New incentive aims to boost Colorado’s meetings-and-events economy
MSU Denver’s School of Hospitality is partnering with the Colorado Tourism Office to administer $10 million in rebates for costs of hosting events in the state.
Colorado’s $1 billion meetings-and-events economy is getting a big boost, thanks to bipartisan legislation signed into law last month by Gov. Jared Polis.
The Colorado Meeting and Events Incentive Program provides $10 million in rebates and direct support to assist in the industry’s recovery from pandemic shutdowns. The Colorado Tourism Office selected Metropolitan State University of Denver’s School of Hospitality to administer the funds, which will provide preapproved applicants with 10% rebates between $3,500 and $100,000 for meeting and event expenditures.
The University’s School of Hospitality has previously worked with the CTO to create the Colorado Concierge Training and Certification program and is a natural fit as a home base for the new incentive program, said Dean Christian Hardigree, J.D., who also serves on the office’s Inclusivity in Travel advisory group.
“We’ve been active and engaged partners and work hard for Colorado’s hospitality industry – including the meeting and event professions,” she said. “And, as we house one of only four Event and Meeting Management degree programs nationwide, we have a unique blend of expertise and education.”
MSU Denver is excited to partner with the CTO on the initiative, and its location in the heart of downtown Denver positions it to help the program and all its peripheral/downstream beneficiaries succeed, added University President Janine Davidson, Ph.D.
“There are so many fantastic businesses around our campus that will benefit from this program,” she said. “It’s an honor to play a part in the city’s post-pandemic comeback.”
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Prior to the pandemic, the state’s events sector employed more than 36,000 Coloradans and generated $1 billion in economic impact, Denver Business Journal reported last month. As the new incentive program rolled out, that sector had been slashed by roughly 75%.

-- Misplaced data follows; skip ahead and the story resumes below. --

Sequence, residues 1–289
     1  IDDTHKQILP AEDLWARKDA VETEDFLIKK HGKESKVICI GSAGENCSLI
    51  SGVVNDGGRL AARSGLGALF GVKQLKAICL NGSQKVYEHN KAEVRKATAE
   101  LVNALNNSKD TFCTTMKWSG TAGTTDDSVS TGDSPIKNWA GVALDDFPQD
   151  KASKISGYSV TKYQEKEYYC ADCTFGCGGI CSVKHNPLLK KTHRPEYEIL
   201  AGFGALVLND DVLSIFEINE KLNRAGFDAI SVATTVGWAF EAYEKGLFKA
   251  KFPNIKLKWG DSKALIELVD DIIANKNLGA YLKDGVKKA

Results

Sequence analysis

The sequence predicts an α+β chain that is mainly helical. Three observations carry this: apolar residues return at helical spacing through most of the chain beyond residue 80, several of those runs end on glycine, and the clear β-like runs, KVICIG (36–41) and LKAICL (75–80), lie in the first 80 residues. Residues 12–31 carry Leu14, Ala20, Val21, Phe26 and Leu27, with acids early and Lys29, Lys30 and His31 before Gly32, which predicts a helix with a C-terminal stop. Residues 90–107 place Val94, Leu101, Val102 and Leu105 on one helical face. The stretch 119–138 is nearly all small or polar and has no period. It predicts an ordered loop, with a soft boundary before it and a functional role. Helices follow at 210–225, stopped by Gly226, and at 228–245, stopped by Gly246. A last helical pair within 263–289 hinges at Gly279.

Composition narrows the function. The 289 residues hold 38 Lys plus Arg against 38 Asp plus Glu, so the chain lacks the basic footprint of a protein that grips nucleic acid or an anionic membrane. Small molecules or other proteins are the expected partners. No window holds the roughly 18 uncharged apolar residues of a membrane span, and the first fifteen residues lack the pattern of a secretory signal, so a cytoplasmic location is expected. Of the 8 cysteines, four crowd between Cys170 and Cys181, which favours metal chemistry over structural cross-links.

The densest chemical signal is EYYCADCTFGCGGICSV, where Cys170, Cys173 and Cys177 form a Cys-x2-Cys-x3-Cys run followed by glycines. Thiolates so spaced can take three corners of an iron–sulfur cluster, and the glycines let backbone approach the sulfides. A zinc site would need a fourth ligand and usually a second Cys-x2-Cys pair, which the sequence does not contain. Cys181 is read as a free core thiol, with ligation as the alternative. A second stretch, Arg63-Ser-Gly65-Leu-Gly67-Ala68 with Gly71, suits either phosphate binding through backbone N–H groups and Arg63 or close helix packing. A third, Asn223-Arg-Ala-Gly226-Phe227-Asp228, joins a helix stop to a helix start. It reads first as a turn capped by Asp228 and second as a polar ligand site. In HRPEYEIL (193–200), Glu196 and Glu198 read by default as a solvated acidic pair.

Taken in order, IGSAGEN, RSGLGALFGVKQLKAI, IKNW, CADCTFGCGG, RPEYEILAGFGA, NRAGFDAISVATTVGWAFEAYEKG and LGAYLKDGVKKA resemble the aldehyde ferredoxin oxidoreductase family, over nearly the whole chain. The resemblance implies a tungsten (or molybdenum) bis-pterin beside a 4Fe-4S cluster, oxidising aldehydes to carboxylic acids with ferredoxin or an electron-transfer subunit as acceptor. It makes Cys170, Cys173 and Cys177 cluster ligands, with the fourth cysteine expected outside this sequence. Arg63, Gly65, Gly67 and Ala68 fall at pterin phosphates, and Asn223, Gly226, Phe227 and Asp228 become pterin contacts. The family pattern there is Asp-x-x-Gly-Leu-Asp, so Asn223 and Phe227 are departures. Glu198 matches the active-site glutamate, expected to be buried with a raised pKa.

Colorado’s mountain and resort towns were hit particularly hard by pandemic shutdowns, said Colorado Office of Economic Development and International Trade spokesperson Jill McGranahan. The incentive program is designed to allocate to those communities based on 2019 lodging sales.
“Especially for our smaller communities, the program represents a large influx of capital that will have a multiplicative impact across related sectors – restaurants, hotels and more,” McGranahan said.
In Summit County, the shutdown of the Breckenridge Ski Resort was a huge blow during a peak spring-break travel season, said Austyn Dineen with the town’s tourism office. And though lodging sales have started seeing a strong comeback this summer, she anticipates that the state’s incentive program will help provide a comparatively small but notable boost to canceled or postponed programming from last summer onward.
“(We) expect the CTO incentive program to help more on the meetings side than the special-event side as meeting planners start to get back to planning retreat-style experiences,” Dineen said.
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Job growth in Colorado and beyond
Nationally, there’s more good news for hospitality professionals: 343,000 of the 850,000 jobs added in June’s better-than-expected employment report were in the industry, which was among the hardest hit by the pandemic. Employee wages are up too – on average, increasing by around $1.55 an hour since the beginning of the year.
The stats mark a march toward equilibrium between a workforce supply and the skyrocketing demand that has dominated recent headlines. Industry staffing shortages are a product of a phenomenon Hardigree refers to as “revenge tourism,” where Americans are adamant about travel following the lifting of Covid restrictions.
The hospitality industry is striving to fill critical roles this summer as Colorado and the country open back up, she said. The upside is that people who stayed in the industry or are reentering the workforce will be able to advance their careers faster than ever.
“Progression to upper-level leadership roles that used to take 10 years are likely to only take three to four as we look ahead,” Hardigree said.
Preapproval applications for Colorado’s Meeting and Events Incentive Program are open now for funds to be distributed starting this fall.